The interplay of SFDR, EU Taxonomy and CSRD: challenges and uncertainties

Although the regulatory landscape for ESG is evolving, there are still many uncertainties regarding the specific requirements. On SFDR and Taxonomy alone, the European Commission (EC) and the European Supervisory Authorities (ESAs) have published multiple Q&As since the regulations came into force to provide much-needed guidance for FMPs. Despite this, the application of SFDR concepts such as ‘sustainable investment’, the existing categorisation of financial products (Art 6, 8 and 9), or the taxonomy criteria (e.g. on climate change adaptation) remains challenging. This is also the case for overarching concepts, such as ‘do no significant harm’ (DNSH), which does not seem to be fully in line with the SFDR and the EU Taxonomy. This is further complicated by the fact that the current first ‘version’ of the SFDR is currently under review by the European Commission, with possible changes ranging from minor adjustments to a complete overhaul of the SFDR and its fundamental workings. As for the EU Taxonomy, it remains incomplete, with more criteria for environmental contributions to be added in the future and a taxonomy for social objectives yet to be defined. How well the CSRD will complement the two regulations through provision of company disclosure on sustainability remains to be seen upon its first application in 2024.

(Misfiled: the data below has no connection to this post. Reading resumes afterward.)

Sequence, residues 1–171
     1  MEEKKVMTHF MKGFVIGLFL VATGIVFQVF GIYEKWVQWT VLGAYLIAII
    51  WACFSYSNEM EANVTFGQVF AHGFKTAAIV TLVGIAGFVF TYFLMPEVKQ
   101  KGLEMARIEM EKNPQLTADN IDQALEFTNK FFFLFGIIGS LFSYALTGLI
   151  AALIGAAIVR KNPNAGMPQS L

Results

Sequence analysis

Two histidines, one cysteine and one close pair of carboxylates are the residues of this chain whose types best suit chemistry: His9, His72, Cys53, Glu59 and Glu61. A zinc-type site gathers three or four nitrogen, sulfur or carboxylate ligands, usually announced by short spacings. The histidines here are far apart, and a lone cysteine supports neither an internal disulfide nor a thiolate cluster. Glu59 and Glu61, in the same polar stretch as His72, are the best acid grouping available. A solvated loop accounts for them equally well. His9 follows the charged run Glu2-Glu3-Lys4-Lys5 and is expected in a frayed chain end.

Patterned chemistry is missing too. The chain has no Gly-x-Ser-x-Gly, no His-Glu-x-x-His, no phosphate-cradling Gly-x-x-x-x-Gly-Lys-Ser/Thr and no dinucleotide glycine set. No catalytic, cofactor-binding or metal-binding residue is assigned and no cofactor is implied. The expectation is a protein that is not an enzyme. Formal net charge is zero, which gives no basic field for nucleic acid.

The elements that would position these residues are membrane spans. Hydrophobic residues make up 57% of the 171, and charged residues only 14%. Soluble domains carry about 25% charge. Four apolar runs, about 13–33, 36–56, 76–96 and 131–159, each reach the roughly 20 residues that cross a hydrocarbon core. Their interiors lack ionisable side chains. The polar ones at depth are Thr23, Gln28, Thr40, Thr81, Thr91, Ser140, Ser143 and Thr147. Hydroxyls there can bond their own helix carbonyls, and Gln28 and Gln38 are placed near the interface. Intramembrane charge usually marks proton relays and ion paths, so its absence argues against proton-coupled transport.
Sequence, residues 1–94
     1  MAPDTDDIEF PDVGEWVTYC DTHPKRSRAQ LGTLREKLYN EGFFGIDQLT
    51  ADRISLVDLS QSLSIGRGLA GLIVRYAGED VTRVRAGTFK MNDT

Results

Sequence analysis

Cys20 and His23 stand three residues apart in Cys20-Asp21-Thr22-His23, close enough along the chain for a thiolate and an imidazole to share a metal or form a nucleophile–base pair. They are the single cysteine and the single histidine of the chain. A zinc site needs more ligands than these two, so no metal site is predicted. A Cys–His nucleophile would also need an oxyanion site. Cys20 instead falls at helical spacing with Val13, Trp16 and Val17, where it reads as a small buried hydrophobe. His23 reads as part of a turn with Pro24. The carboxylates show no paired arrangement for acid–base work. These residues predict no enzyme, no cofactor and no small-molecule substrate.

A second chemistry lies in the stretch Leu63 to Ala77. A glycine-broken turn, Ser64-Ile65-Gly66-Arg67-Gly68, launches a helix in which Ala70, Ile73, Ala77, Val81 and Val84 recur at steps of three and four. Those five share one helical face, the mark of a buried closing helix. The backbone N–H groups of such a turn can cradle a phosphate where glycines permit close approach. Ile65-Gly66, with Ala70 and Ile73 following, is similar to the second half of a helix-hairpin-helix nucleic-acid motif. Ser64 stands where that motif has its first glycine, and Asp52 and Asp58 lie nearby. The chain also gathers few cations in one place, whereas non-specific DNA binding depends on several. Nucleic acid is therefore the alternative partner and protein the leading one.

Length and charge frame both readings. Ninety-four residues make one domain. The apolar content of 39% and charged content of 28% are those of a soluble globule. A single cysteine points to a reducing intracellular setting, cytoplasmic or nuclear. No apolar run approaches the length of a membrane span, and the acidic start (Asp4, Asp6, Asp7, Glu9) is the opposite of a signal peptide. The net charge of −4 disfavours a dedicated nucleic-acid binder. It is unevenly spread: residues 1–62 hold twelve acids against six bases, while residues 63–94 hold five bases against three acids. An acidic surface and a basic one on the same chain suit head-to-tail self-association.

In the midst of all this, the EU is currently attempting a balancing act between (1) publishing legislation in time (to speed up the transition) and with sufficient level of ambition (to realise the EU Green Deal) and (2) making laws that complement each other and include realistic and feasible requirements for FMPs, and that therefore work well in practice (and not only in theory).

How to navigate as an investor

The current ESG environment also presents challenges for FMPs. Ensuring compliance with sustainable finance legislation is a must, but already proving difficult given the stated uncertainty and a lack of guidance. The fact that only very limited ESG data is available at the portfolio and investment level (and when it is available, it is difficult to compare) makes it even harder to comply with existing disclosure requirements. Moreover, many FMPs manage different types of financial products, making it challenging to implement a one-size-fits-all ESG approach. This leads some FMPs to adopt a rather conservative and cautious ‘let’s wait and see’ approach towards their ESG ambitions, sticking to the minimum disclosure requirements until the regulatory landscape matures.